that shortly. finally replied to the government accountability project in moree most of the trolling in the harassment stopped but she said there do still appear to be two of the trolls that were active from the beginning that do still make a presence known on the b.p. america facebook page today so it was it was it is declined rather dramatically but it does still continue at least to a certain extent and then with people. receiving people who have compensation claims against b.p. for example financial compensation claims so of these people around the gulf coast do. have have talked to me about instances where they have received harassment from people but they haven't been able to directly tie them to b.p. itself and as we know of course b.p. is fighting tooth and nail to not provide those compensation claims we'll get into that a little bit later but you know this seems like really counterproductive for public relations firm and the opposite of what they should be doing which is galvanizing support for the company i mean what's different about what b.p.
is doing because i feel like if you're a giant corporation you have the money i feel like a lot of people would engage in these kind of tactics what's different about this. well clearly they have enough money enough resources at their disposal they just feel like if they run a big enough spin campaign of nonstop t.v. newspaper ads radio ads all around the gulf as well as around the rest the united states for that matter that they had they started this the day the spill started and they continue them to this day that they have pumped hundreds of millions of dollars into p.r. to try to convince everybody that they you know things are better than they really are and another another instance i always steven marino is the fellow's name who worked for ogilvy at the p.r. firm that convinced b.p. to set up the b.p. america facebook page and then let them run it and he gave a very interesting talk at university of texas austin exactly two years after the spill almost to the day and in this talk he's talking to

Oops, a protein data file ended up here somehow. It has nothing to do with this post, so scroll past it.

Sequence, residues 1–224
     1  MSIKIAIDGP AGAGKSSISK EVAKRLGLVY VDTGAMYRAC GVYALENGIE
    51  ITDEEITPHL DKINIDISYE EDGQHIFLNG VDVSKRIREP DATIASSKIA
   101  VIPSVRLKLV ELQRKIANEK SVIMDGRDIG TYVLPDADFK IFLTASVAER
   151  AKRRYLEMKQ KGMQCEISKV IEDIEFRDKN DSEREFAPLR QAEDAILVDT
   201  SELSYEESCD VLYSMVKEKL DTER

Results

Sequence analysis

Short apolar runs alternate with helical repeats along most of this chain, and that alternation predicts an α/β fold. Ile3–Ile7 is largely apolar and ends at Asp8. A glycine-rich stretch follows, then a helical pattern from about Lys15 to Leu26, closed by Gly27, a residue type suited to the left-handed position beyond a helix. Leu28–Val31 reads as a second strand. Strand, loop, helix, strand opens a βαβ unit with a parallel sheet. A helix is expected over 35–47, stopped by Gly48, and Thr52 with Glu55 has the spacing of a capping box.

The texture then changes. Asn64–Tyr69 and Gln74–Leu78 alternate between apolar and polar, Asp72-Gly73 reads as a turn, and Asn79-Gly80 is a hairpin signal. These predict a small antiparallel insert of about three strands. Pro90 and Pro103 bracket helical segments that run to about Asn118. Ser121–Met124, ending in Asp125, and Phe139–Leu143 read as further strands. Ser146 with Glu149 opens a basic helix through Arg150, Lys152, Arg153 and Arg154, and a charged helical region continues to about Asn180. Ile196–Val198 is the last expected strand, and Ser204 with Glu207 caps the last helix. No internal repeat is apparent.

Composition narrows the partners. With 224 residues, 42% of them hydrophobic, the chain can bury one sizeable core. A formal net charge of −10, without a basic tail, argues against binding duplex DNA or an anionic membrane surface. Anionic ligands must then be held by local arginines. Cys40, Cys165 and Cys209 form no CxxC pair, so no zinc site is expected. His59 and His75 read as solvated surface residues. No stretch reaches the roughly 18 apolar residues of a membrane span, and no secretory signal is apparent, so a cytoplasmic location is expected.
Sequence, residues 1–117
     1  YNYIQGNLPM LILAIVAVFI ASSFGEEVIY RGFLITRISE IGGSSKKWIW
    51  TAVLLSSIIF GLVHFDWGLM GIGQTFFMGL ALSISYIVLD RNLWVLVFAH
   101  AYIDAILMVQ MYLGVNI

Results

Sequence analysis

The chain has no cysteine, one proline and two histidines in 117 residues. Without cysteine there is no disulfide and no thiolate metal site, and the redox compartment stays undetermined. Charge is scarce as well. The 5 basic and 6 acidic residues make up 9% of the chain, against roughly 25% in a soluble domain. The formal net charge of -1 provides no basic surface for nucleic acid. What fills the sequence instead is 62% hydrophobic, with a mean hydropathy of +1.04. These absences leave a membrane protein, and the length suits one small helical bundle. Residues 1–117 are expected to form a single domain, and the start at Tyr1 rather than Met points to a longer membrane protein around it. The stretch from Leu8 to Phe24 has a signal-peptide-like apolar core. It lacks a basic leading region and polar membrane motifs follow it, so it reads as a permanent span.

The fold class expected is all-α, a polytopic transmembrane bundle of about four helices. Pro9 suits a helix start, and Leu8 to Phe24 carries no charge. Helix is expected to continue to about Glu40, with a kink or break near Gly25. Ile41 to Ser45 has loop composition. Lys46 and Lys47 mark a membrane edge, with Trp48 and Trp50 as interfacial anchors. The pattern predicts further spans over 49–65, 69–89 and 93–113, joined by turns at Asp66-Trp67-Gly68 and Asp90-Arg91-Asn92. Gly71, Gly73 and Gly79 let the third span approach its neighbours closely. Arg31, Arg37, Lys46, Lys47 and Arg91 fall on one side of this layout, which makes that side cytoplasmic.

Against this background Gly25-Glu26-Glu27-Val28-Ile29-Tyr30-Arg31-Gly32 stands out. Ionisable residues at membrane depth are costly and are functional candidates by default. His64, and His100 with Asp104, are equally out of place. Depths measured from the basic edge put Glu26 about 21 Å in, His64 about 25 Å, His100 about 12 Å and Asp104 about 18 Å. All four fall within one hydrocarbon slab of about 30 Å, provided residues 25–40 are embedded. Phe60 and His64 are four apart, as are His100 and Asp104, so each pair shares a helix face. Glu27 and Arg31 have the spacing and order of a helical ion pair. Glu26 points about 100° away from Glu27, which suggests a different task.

a class of. students i believe it was a about the p.r. machine that they ran and he was very specific about the types of things that they would do he he gave the example of anyone who's familiar with the stories maybe seen there's a b.p. commercial where there's an african-american woman named iris and she claims to be from new orleans and from the gulf and she's working for b.p. and she's standing there with a shirt on saying you know i'm from new orleans i'm here with b.p. and we're not going to leave until we make things right he said they would run these ads and then track the media impact of them via facebook and twitter gauge audience response three cut the ads based on that response and then run them again immediately in order to quote unquote target the constituents more effectively so that's the level the really insidious and precise level that they were functioning on and from what i can see continue to function on today. darya been invested in it since the deepwater horizon oil spill in two thousand and ten you know as you just mentioned if we watch b.p. commercials at the birdwatchers paradise the goal line come on down and the seafood